“It was a different time,” Downs said.

Despite problems it caused, the storm did not change government’s response to storms, said Lou Martin, a history professor at Chatham University who teaches a course on American Environmental History. City planners in 1950 were addressing smoke abatement from mills, stream pollution and flood control, he said.

“There were bigger fish to fry,” Martin said. “The once-in-a-century nature of the storm did not lead to any lasting policy change.”

Still, it left its mark: More than 50 people died, and damages were estimated at more than $1 million, including lost wages for people who could not get to work.

Ed Lyons got to work, though it wasn’t easy.

Lyons, 88, lived in East Liberty and worked for a North Side roofing company. When the trolley lines shut down, he set off on foot.

“That was a long walk,” he said. ”But I had a family to feed.”

For three days, he shoveled snow from rooftops during daylight, then slept in the company’s old factory on Cedar Avenue on a pile of blankets.

“Worse than the Army,” he said. “But it was three days of wages, let’s put it that way.”

The storm affected states throughout the East, bringing record low temperatures to many southern states and destructive winds to New York.

In Steubenville, Ohio, 44 inches fell. Sam Lamatrice, 76, of Steubenville recalled shoveling snow into trucks to be dumped into the Ohio River for 50 cents a load. He watched kids ride sleds nearly a mile down a hill from the hospital to train tracks near the river.

“If that happened today, the city would be paralyzed,” Lamatrice said. “You get a couple inches now, and everything stops.”

Nothing was going to stop Army chaplain Frank Ramsey.

Stationed at Camp Atterbury in Indiana, Ramsey had to get to Greensburg to marry his sweetheart, Betty Jean Goodlin. But days after The Big Snow stopped, roads remained impassable.

The Ohio State Highway Patrol told Ramsey about a single plowed lane of highway crossing the state, his wife said. He jumped in his old green Ford and set off.

“He missed the rehearsal but made it in time for the wedding,” said Betty Jean Ramsey.

Capt. Frank Ramsey died in 2008. “But I’ll never forget our wedding,” his wife said.

Staff writer Bobby Kerlik and The Associated Press contributed to this report. Chris Togneri is a Trib Total Media staff writer. Reach him at 412-380-5632 or ctogneri@tribweb.com.

TribLIVE commenting policy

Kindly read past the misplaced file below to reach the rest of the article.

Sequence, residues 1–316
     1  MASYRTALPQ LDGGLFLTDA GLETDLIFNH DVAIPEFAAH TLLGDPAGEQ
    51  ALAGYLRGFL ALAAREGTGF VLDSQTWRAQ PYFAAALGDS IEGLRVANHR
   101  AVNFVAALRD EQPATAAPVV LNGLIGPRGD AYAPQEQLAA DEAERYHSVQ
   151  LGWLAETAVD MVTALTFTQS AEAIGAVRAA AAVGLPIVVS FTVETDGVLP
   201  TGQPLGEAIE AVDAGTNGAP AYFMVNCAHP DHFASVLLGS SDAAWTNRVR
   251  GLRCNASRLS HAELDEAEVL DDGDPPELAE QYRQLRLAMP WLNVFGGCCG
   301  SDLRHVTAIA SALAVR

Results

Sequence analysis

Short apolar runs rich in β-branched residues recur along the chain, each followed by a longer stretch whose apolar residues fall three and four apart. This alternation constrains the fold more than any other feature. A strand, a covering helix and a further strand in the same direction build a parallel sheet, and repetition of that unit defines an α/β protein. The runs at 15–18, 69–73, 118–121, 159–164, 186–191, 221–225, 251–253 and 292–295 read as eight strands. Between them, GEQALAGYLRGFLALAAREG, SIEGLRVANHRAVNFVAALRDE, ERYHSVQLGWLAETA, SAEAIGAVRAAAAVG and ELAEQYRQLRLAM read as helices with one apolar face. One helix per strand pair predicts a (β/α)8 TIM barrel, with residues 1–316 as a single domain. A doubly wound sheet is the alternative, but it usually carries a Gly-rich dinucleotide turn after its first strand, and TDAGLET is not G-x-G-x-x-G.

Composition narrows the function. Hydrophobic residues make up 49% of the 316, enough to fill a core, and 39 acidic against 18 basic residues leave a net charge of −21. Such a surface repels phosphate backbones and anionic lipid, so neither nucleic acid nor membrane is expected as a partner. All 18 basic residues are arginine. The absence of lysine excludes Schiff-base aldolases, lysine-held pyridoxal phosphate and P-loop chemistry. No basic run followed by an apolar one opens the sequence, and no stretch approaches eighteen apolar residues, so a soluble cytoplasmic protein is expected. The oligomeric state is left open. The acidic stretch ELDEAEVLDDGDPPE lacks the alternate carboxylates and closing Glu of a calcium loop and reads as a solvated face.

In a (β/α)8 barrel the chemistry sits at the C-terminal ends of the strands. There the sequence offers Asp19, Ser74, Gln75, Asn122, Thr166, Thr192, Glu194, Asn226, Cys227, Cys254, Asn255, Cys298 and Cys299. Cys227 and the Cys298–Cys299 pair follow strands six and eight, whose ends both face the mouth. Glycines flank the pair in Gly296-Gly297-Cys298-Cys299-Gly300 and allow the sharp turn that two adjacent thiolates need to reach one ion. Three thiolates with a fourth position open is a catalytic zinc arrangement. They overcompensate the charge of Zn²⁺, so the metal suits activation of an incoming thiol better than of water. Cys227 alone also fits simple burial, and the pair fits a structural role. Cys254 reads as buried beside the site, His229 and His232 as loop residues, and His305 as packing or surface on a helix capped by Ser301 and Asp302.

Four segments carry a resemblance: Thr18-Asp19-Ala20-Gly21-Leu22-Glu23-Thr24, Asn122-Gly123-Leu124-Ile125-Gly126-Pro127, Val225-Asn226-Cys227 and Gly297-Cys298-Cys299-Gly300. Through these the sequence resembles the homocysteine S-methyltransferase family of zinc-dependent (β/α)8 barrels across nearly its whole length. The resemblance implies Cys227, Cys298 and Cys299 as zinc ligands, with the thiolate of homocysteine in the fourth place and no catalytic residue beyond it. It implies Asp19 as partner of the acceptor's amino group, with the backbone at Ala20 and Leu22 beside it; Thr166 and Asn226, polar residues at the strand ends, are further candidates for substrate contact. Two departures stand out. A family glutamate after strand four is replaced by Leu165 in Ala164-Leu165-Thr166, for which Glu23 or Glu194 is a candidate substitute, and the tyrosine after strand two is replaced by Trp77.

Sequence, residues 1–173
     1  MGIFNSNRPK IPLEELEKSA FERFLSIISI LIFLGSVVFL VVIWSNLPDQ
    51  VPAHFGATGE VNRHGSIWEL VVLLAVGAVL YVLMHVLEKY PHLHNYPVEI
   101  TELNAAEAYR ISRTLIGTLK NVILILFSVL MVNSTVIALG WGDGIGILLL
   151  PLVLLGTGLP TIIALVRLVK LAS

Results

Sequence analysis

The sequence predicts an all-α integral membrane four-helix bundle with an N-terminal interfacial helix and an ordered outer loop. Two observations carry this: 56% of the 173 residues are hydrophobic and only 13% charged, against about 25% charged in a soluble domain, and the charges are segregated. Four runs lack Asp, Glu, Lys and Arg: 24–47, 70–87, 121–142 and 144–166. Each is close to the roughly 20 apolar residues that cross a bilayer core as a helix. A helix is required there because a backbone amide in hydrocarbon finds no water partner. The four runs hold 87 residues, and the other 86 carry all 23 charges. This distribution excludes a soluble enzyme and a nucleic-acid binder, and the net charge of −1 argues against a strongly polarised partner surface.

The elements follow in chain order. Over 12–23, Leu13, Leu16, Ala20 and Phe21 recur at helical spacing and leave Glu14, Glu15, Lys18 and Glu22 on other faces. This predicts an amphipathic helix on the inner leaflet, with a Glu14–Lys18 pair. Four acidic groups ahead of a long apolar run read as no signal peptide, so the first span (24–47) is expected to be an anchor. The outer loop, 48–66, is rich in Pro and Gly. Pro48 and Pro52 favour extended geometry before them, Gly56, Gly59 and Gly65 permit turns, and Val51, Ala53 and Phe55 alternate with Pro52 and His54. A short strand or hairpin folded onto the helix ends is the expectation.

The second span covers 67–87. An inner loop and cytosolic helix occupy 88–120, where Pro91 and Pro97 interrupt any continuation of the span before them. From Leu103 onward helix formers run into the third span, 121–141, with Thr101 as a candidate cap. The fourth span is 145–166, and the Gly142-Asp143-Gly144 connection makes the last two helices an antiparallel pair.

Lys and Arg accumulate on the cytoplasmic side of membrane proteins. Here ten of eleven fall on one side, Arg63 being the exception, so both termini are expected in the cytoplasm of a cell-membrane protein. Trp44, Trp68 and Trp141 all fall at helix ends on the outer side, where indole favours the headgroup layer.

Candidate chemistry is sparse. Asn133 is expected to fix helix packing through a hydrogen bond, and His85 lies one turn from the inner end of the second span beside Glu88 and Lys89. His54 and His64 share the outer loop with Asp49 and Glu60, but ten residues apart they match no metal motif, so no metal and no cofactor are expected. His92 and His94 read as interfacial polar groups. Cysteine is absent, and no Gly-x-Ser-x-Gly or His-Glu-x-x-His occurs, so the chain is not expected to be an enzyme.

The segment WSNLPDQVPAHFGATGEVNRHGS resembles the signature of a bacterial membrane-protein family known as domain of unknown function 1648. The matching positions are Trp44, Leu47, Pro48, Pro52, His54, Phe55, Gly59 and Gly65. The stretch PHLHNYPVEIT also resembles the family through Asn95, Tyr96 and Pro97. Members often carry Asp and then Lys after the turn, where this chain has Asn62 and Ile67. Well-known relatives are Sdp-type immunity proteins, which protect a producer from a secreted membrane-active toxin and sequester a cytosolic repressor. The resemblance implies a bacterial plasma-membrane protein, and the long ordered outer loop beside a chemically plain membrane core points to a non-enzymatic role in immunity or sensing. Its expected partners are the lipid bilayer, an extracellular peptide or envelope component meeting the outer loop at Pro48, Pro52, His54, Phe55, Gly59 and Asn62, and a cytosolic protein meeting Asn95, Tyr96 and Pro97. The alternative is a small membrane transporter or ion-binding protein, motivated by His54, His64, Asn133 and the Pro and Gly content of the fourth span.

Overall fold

You are solely responsible for your comments and by using TribLive.com you agree to our Terms of Service.

We moderate comments. Our goal is to provide substantive commentary for a general readership. By screening submissions, we provide a space where readers can share intelligent and informed commentary that enhances the quality of our news and information.

While most comments will be posted if they are on-topic and not abusive, moderating decisions are subjective. We will make them as carefully and consistently as we can. Because of the volume of reader comments, we cannot review individual moderation decisions with readers.

We value thoughtful comments representing a range of views that make their point quickly and politely. We make an effort to protect discussions from repeated comments either by the same reader or different readers

We follow the same standards for taste as the daily newspaper. A few things we won't tolerate: personal attacks, obscenity, vulgarity, profanity (including expletives and letters followed by dashes), commercial promotion, impersonations, incoherence, proselytizing and SHOUTING. Don't include URLs to Web sites.

We do not edit comments. They are either approved or deleted. We reserve the right to edit a comment that is quoted or excerpted in an article. In this case, we may fix spelling and punctuation.

We welcome strong opinions and criticism of our work, but we don't want comments to become bogged down with discussions of our policies and we will moderate accordingly.

We appreciate it when readers and people quoted in articles or blog posts point out errors of fact or emphasis and will investigate all assertions. But these suggestions should be sent via e-mail. To avoid distracting other readers, we won't publish comments that suggest a correction. Instead, corrections will be made in a blog post or in an article.